Drive for thinness (DFT), the extent to which participants are striving towards, or are concerned with maintaining, a thin body shape, was assessed via the 7-item Drive for Thinness subscale of the Eating Disorder Inventory (Garner, 1991; [alpha] = 0.
What does EDI stand for?
EDI stands for Eating Disorder Inventory
This definition appears very frequently and is found in the following Acronym Finder categories:
- Science, medicine, engineering, etc.
See other definitions of EDI
We have 207 other meanings of EDI in our Acronym Attic
- El Dorado High School
- Elmvale District High School
- Erin District High School (Erin, Ontario, Canada)
- Exposed Drop-In Heatsink Quad Flat Package
- Exposed Drop-In Heat Sink Ball Grid Array
- Engineering Design Handbook Steering Committee
- East Dorset Heritage Trust (UK)
- Eindhoven (The Netherlands)
- Erster Deutscher Hufschmiede Verband (German: First German Blacksmiths Association)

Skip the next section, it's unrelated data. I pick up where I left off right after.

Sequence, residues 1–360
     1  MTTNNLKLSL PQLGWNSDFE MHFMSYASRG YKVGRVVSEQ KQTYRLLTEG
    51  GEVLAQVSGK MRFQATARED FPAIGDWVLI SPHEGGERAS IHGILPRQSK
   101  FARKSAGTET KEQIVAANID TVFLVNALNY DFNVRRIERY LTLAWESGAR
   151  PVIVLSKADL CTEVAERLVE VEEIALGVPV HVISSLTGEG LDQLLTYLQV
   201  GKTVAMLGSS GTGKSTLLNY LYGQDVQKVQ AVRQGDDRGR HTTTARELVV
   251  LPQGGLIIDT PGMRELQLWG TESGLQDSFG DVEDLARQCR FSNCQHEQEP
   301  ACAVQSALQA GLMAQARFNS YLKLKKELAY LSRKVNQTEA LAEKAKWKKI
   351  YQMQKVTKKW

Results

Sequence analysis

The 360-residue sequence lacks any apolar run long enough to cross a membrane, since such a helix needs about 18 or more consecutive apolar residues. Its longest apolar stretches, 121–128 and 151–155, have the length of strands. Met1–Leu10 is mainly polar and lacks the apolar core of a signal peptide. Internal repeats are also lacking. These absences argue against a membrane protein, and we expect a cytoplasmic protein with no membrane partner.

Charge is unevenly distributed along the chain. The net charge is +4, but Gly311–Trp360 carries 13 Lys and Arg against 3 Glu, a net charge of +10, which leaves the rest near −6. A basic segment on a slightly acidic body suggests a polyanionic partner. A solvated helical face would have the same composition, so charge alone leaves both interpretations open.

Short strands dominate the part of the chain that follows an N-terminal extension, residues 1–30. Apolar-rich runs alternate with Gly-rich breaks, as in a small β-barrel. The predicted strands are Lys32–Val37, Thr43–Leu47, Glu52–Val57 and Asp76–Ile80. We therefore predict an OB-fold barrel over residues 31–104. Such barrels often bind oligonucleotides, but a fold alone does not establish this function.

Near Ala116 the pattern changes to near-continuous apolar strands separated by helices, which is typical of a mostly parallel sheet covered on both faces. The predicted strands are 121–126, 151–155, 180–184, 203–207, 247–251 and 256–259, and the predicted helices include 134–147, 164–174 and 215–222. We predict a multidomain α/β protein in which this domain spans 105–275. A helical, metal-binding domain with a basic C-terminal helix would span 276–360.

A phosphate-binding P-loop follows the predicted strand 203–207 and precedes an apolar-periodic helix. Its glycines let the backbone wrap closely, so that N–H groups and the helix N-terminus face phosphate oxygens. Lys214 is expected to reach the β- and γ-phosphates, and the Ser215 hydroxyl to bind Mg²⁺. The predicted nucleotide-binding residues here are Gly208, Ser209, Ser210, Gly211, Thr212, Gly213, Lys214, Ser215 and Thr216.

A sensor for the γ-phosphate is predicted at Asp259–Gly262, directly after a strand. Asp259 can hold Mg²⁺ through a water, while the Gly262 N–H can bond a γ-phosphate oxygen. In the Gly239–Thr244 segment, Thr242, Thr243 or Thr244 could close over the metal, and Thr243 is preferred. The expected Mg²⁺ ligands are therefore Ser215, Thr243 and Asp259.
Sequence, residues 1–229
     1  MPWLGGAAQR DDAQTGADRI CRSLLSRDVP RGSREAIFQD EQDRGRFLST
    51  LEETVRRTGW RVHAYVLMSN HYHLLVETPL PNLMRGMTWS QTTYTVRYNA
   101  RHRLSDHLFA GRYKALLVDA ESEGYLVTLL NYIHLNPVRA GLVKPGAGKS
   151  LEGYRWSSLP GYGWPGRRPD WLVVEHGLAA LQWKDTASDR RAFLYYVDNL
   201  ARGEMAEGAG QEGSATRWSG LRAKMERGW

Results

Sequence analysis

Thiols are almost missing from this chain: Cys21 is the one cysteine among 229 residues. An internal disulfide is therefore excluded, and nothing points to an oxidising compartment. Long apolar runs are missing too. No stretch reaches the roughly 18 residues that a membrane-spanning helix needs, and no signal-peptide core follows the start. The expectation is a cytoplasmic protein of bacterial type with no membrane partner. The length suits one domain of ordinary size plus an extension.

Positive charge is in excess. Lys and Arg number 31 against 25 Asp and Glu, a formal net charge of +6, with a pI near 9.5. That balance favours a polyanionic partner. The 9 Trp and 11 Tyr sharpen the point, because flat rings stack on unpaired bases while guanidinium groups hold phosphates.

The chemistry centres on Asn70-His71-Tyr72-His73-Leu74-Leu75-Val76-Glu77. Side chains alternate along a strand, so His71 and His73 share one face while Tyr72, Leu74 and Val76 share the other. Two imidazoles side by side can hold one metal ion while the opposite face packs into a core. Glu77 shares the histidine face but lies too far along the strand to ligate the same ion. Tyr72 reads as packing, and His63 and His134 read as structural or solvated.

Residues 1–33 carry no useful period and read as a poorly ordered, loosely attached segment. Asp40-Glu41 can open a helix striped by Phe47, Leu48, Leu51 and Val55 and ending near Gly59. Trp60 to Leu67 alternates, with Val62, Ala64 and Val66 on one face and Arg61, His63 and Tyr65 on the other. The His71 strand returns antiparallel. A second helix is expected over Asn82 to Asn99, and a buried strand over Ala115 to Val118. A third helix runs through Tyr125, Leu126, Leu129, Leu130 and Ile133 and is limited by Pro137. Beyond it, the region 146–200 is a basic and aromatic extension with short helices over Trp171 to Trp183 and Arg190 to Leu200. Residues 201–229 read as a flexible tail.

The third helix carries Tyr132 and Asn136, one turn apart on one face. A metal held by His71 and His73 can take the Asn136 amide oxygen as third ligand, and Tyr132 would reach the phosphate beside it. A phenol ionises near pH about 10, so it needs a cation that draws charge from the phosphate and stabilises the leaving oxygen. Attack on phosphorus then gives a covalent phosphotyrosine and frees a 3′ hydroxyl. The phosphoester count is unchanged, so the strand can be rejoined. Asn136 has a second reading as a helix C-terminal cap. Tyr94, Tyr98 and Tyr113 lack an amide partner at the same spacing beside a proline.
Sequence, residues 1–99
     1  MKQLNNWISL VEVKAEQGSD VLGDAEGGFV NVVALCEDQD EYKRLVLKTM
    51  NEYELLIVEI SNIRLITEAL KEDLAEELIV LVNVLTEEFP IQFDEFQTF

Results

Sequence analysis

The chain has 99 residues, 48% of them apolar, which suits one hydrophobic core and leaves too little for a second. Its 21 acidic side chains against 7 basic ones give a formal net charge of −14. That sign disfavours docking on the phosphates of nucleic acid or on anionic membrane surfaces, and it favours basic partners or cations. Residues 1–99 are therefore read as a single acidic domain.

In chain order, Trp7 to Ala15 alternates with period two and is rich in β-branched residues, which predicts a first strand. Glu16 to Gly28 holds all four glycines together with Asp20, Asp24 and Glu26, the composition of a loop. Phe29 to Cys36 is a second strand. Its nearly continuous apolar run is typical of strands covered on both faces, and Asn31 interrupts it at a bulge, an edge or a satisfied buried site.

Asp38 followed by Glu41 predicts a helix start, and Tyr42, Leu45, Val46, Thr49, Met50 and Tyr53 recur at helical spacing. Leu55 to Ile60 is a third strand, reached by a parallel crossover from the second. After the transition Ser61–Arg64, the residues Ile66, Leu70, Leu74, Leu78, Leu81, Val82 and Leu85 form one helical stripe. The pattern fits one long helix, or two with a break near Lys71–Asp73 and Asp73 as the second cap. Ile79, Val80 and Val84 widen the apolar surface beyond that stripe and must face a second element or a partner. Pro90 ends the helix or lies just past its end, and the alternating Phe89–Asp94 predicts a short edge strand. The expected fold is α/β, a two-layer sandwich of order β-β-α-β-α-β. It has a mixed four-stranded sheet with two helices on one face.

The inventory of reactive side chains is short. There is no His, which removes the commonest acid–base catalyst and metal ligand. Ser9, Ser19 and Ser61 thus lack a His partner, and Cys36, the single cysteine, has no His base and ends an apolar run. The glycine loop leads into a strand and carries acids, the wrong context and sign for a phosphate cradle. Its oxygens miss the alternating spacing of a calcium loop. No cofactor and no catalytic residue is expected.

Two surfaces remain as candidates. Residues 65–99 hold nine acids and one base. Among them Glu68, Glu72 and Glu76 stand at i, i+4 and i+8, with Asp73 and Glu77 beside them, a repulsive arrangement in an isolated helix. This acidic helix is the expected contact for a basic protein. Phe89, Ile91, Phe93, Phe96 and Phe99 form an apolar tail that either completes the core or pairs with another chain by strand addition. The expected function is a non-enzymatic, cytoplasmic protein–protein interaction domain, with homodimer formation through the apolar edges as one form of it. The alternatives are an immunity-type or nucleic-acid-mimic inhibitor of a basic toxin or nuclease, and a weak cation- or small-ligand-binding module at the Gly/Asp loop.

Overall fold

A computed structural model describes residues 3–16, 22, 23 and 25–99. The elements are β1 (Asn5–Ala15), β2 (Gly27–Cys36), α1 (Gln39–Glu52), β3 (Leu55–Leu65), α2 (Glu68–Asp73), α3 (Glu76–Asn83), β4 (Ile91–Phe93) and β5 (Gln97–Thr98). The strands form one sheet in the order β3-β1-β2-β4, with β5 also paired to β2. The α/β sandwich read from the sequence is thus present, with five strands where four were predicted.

- Early Detection and Intervention
- Echange de Données Informatisées (French: Electronic Data Interchange)
- Economic Development Initiative
- Economic Development Institute (Washington, DC)
- Edge-Directed Interpolation (image processing)
- Edinburgh, Scotland, United Kingdom - Turnhouse (Airport Code)
- Édition, Diffusion, Information (French: Publishing, Broadcasting, Dissemination)
- Éditions et Diffusions Internationales (French: Publishing and Broadcast International)
- Education Development International (UK)
- Eidgenössisches Departement des Innern
- Electrical Design and Installation (various companies)
Samples in periodicals archive:
Measures included the Eating Disorder Inventory, the Self-Rating Depression Scale, the General Health Questionnaire, and the Eysenck Personality Inventory (EPI).
Examining the construct validity of the Eating Disorder Inventory.
Upon enrollment, the women had moderately high scores on the Eating Disorder Inventory, especially in drive for thinness and body dissatisfaction.
Eating attitudes and behaviors in adolescent women: Discrimination of normals, dieters, and suspected bulimics using the Eating Attitudes Test and Eating Disorder Inventory.
To answer this question, respondents were asked to complete three sub-scales of the 64-item Eating Disorder Inventory developed by Garner, Olmsted, and Polivy (1983): "Drive for Thinness," "Bulimia," and "Body Dissatisfaction.
Eating disorder symptomatology was measured using one item from each of the drive for thinness (DT), bulimia (B) and body dissatisfaction (BD) subscales of the Eating Disorder Inventory (EDI: Garner, Olmstead, & Polivy, 1983).